More and more I stumble upon the claim that the difference in individual personal choices between men and women is one of the main contributors to the gender gap in mathematical careers. Let me tell you some stories that I’ve heard that illustrate some choices that women made. The names have been changed.
Ann got her PhD in math at the same time as her husband. They both got job offers at places very far from each other. As Ann was pregnant, she decided not to accept her offer and to follow her husband. In two years she was ready to go back to research and she started to search for some kind of position at the University where her husband worked. At that time there was a nuptial rule that prevented two spouses from working at the same place. There was no other college nearby, and Ann’s husband didn’t yet have tenure and freaked out at the thought of changing his job. They decided to have a second child. After two more years of staying home, she felt completely disqualified and dropped the idea of research.
Olga was very passionate about her children’s education. She felt that public education was insufficient and that parents needed to devote a lot of time to reading and playing with their kids. Her husband insisted that the children would be fine on their own and he refused outright to read to them or to participate in time-consuming activities. Olga took upon herself the burden she was hoping to share. At that same time, she started a tenure track position. In addition to all of this, she took her teaching very seriously. Her students loved her, but her paper-writing speed declined. She didn’t get tenure and quit academia. Later, she realized that in fact her husband had shared her sense of the importance of their children’s education, but he had played a power-game which left her doing all the work.
Maria told her husband Alex that she wanted a babysitter for their two children now that she was ready to get back to mathematics. Alex sat down with her to look at their finances. Before looking for a job Maria needed to finish her two papers. That meant they had to pay a babysitter even though Maria wasn’t bringing in any money. Maria agreed to postpone her comeback until the kids went to kindergarten. She somehow finished her papers and found her first part-time job as an adjunct lecturer. Alex sat down with her again to discuss their finances. They calculated how much time she would need to prepare to teach after such a long break. The babysitter would cost more than her income. In addition, they would have to buy a second car and some professional clothes for Maria. They summed everything up: it appeared that they couldn’t afford for her to take this job. Maria rejected the offer.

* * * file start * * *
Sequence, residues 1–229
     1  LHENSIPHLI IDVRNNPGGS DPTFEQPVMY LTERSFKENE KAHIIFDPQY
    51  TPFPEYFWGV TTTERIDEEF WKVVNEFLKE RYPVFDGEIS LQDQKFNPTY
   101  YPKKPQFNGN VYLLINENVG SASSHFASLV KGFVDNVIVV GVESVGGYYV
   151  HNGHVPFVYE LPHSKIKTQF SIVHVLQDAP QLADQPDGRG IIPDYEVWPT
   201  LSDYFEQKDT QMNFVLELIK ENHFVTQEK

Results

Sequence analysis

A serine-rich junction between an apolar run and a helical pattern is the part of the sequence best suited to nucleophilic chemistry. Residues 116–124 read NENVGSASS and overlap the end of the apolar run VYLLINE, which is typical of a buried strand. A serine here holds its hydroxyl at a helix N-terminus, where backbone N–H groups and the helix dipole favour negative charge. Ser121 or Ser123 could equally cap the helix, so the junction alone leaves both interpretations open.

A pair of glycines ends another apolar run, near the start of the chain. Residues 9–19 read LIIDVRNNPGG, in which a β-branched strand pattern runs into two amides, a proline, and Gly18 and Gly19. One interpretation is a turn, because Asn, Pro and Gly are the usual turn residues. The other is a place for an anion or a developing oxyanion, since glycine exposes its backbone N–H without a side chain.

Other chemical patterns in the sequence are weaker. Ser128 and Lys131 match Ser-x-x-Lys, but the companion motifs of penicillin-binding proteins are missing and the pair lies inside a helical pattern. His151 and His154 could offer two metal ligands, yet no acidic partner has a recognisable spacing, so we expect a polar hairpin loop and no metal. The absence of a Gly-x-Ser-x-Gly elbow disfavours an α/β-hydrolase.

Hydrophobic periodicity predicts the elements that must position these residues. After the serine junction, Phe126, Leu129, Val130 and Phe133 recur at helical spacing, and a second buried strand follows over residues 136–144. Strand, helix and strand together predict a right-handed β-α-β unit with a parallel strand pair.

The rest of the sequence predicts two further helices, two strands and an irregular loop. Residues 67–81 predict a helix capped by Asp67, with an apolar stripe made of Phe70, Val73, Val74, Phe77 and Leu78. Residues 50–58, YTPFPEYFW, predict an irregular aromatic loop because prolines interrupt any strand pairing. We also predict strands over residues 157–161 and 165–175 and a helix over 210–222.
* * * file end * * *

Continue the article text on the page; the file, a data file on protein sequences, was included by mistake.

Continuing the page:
Two years later, Alex was offered an additional job as a part-time mathematical consultant. Instead of accepting it Maria’s husband suggested that the company interview Maria, who was longing to return to work. Maria got an offer, but at half the fee her husband was offered. The manager explained this difference by pointing to her husband’s superior work record. Maria and Alex sat down together again and calculated that it would more profitable for them as a couple if he took the job and dropped all his household responsibilities. Maria couldn’t find a way to argue.
I recently wrote about my own decision to quit academia twelve years ago. Although what I really wanted to do was to work in academia, my family responsibilities took precedence.
Yes, personal choices are a great contributor to the gender gap in mathematical careers. I just do not like when people assume that women chose freely. Some choices we were cornered into making.